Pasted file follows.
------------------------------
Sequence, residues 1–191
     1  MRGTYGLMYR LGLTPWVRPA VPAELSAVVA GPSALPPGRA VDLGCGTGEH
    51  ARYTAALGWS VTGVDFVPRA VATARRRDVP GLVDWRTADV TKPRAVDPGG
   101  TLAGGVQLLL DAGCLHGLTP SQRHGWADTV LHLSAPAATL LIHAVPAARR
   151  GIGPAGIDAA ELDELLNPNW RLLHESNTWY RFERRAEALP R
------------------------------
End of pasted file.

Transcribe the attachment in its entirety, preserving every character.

Sequence, residues 1–191
     1  MRGTYGLMYR LGLTPWVRPA VPAELSAVVA GPSALPPGRA VDLGCGTGEH
    51  ARYTAALGWS VTGVDFVPRA VATARRRDVP GLVDWRTADV TKPRAVDPGG
   101  TLAGGVQLLL DAGCLHGLTP SQRHGWADTV LHLSAPAATL LIHAVPAARR
   151  GIGPAGIDAA ELDELLNPNW RLLHESNTWY RFERRAEALP R